Dancing in the Desert. Thirst is one of the most basic needs. All of us are quenching our thirst somewhere. David was able to quench his thirst in a place where there is no water. David built personal sanctuaries and had the ability to live antithetical to his surroundings. He was able to renovate his surroundings through worship and praise.
Saul and the Witch of Endor. To quote Sting in a classic song by The Police, “We are spirits in a material world.” The materialist worldview denies this. How do you balance your spiritual life with your material life? Do you ever experience or acknowledge the spiritual battle going on around you? God wants us to experience the spiritual world on His terms and through two primary revelators – Holy Spirit Revelation and God’s Word.
Easter Sunday. Looking for Life. Luke 24:1-12. The Bible is filled with some of the greatest questions ever asked. One of the most important happened on the day of Jesus’ Resurrection – Why do you look for the living among the dead? Life is the premier value of Christ following and the foundation for all other of its values. Where are you looking for life? It is God’s passion to bring life to the dead areas of your existence. Jesus is rarely found where you look for Him.
Trusting outcomes to the Lord. David achieved passive victory through spiritual activity rather than physical assault. Slander is pervasive in our culture today. Why does God hate slander so much? Slander is meant to destroy you, and rob from you and diminish you in the eyes of others. Trusting the Lord to win your battles is especially effective when dealing with slander. Let God win your victory for you.
Join Pastor Adam as he explores the person of Abigail. She is a woman of both beauty and inelegance, worthy to rule alongside David. She provides us a model of what God intended for women. Abigail provides us with inspiration and a model that women and men will benefit in immeasurable ways to learn.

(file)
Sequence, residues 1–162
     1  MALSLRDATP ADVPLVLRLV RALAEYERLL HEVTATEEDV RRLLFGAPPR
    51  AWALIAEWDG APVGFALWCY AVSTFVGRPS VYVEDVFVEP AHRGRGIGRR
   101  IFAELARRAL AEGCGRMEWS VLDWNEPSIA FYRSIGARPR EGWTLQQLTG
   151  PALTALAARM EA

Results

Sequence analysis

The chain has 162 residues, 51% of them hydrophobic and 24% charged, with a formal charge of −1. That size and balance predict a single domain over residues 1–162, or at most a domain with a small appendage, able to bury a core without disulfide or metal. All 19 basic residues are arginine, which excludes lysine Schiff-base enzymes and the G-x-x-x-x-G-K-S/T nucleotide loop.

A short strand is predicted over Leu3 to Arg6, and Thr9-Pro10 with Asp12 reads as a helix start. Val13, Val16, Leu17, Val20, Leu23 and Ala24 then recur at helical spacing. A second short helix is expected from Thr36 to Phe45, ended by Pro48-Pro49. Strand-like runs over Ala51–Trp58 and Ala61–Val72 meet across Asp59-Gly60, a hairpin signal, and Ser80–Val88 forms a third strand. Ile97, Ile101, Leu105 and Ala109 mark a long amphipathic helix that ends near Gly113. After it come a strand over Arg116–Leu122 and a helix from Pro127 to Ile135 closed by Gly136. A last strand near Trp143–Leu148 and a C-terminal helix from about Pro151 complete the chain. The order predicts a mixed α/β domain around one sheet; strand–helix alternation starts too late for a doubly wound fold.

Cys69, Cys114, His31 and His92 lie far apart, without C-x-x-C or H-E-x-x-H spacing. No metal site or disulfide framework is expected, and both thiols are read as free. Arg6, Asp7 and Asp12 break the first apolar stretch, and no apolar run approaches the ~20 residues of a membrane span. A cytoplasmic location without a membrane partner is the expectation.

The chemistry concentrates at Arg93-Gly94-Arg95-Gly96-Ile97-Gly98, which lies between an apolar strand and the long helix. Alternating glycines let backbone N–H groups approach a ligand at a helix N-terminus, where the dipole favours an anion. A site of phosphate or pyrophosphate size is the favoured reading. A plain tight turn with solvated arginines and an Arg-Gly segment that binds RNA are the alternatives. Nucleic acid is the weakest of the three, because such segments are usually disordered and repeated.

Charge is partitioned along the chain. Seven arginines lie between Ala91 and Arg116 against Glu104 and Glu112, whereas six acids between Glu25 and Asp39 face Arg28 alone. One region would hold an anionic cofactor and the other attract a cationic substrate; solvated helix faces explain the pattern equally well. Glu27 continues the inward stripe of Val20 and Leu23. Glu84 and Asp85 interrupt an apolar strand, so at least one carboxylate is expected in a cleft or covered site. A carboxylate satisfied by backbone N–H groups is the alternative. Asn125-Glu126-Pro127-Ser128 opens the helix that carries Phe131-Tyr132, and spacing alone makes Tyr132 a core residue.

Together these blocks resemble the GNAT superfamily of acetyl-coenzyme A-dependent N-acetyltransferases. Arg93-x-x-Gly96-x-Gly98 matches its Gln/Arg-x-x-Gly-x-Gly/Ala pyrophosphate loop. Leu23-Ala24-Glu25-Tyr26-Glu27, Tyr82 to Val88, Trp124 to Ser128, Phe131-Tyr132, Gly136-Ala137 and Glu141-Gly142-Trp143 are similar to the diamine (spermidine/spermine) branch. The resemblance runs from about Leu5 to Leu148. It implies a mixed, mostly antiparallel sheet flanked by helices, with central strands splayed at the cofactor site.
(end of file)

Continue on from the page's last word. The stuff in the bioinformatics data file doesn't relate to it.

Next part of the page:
As David was fleeing from Saul, refuge was his rescue. Rather than rushing in to fight a battle, he chose a safe place to hide. We are always looking for a way out, but the way out is to go in #InvokeThePresence. David was a master at avoiding traps. Traps are meant to catch us by surprise and put us into bondage – financial, relational, physical, emotional, and cultural traps. For David, power was a trap. But instead of seizing power, David allowed the Lord to give Him the victory.
run, Run, RUN, RUN!!!! How do you respond when running? David regularly sought audience with God. Who or what do you seek audience with as you have rough patches or need to run in your life? Pastor Adam explores what seeking relationship with God looks like through an exploration of David’s own life on the run.
One of my favorite things to do is watch Christian church culture morph and change. I’m not talking about the core stuff like evangelism, mission or our views on the atonement, but rather the not so important stuff, the stuff we like, until we don’t. Here are some of our current favorites. If your church scores at least 5 of these 10 you can consider yourself #BLESSED.
10. Fair Trade Coffee Coffee Sourced From Indigenous People Groups:
It started in the 80s with Folgers and a styrofoam cup. In the 90’s it was all about the in-church coffee shops like “Holy Grounds”, “HeBrews” and “Jehova Java”. Today we have gone missional with our coffee and are fighting global injustice with every drop.
9.The Episodic Sermon Series:
Who wants to spend 68 weeks in the book of Numbers. Not me. Rather, give me short punchy 6-8 week sermons filled with challenge and invitation. And by the way, keep um under 28 minutes and make sure that I’m the star.
8. Beards and Hair:
You would have to imagine that any man who aspires to be a pastor but cannot grow a full beard or is thinning is definitely questioning his calling at this point in the game.
7. Motion Graphics:
Nothing says “Building Campaign” like rolling out the motion graphics video. We love simple, animation with smooth voice overs to get that ground breaking event kick-started.